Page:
I wondered if technology--his iPod, his X-box, all of it...had caused Josh to miss out on a more immediate and sensory experience of his summer vacation. In addition to totality, what else had he missed seeing with his own eyes?  (A lot, I think.)

I remember feeling sad when I returned home from camp at Josh's age.  The contrast between living outdoors in nature, physically and socially active, compared starkly against afternoons spent  watching TV by myself...Daily life didn't seem much like living, compared to the robust days of summer. But, gradually, as always, I adjusted to my sedentary default life of school and MTV.

We left our clearing in the forest and crawled through stop-and-go traffic to Saint Louis and north to Springfield. Beyond Springfield, around midnight, the universe flashed some fury in our direction.  The sky lit up and a sudden torrent came down with such force that I literally could not see out the window; the windshield wipers could not operate fast enough to clear the rain.

It was frightening; there were thousands of cars on the road, full of people impatient to pick up speed  after crawling along in traffic for hours.

Virtually blinded by the rain, I immediately pulled over onto an adjacent offramp and stopped behind several cars with flashing emergency lights waiting for the rain to slow.

My GPS indicated that there had just been an incident on the road.

The rain abated after a few minutes, and we got back on the highway.

A little while later, the lightning seemed angrier, more jagged, and closer. There were more sudden torrents of blinding rain. Again, I took the first exit off the highway. I parked at a gas station and waited.

"Call Dad," said Josh.

"Why? What's he going to do? We're in Springfield, Missouri."

I was reminded of when Phil and I were trying to retrieve my loose and deranged horse from a field soybeans half a mile from our farm. Phil asked who I could call to come help. I said I would call the vet, but I would have to retrieve the horse myself.

"Have faith in your mom," I told Josh. "I've driven in rain like this plenty of times."

Notably, I drove on the Road to Hana at night in a rain almost as bad as this. If you've never driven that road at night in the rain, picture narrow, two-way roads, hairpin turns, single-car bridges, and blind oceanside cliffs.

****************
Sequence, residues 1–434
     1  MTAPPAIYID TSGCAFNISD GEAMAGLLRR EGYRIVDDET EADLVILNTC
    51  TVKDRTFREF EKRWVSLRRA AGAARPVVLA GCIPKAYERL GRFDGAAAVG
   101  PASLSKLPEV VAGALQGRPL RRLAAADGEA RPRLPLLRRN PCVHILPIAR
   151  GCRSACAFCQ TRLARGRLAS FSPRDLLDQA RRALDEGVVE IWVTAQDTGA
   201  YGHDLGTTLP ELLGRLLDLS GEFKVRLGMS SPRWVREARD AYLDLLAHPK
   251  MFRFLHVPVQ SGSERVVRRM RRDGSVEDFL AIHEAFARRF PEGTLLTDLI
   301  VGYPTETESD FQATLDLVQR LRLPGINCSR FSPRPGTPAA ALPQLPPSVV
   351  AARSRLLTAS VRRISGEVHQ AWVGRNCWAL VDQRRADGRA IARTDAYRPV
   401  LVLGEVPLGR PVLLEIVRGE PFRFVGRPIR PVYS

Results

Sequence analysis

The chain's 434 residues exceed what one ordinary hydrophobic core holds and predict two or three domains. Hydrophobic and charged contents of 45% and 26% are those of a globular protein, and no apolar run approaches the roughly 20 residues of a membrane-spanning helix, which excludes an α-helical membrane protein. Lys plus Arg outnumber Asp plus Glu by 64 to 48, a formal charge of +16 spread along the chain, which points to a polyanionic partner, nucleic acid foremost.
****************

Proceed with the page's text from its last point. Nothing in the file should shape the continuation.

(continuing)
The rain slowed, I resumed driving and it didn't menace us again for the rest of the drive home.

I consumed a can of Pringles, 36 ounces of Diet Mountain Dew, hot cocoa, and half a bag of KitKats.

We listened to V-Sauce, and Ted Talks about body shaming, self-acceptance, sexless marriages, extramarital affairs, schizophrenia, mental telepathy, and whether psychology is a sham science or not.

We listened to Trump's scripted speech about his new strategy for Afghanistan.

For the remainder of the trip, I fretted over the gritty texture of my teeth, and how my bite felt off.

I woke up the next morning with the feeling that I had nodded off on the highway and been teleported home.

Yes, the universe had showed me its claws, as well as kindness and glory.

Because I had viewed the trip as a pilgrimage, I had adjusted my attitude to accept whatever came my way, good or bad.  I can honestly say that I embraced the traffic and torrential rain as part and parcel of a pilgrim's progress.

I had time to wonder whether I could sustain this attitude indefinitely. Perhaps, that openness and acceptance of whatever the universe had in store was the perspective I should maintain all the time.

Was it realistic to think that I could apply the mental toughness of a pilgrim to everyday life?

Wouldn't it be smug to think that I was prepared to accept whatever life had up its sleeve?

At best, I could lower my expectations, anticipate disappointment, and feel grateful when things went my way.

But that's not the attitude of a pilgrim.

Life is not a pilgrimage. I do not wake up every morning with the intention of leaving behind my daily routine to expand my awareness of the universe. Not to mention, my relationship with Josh.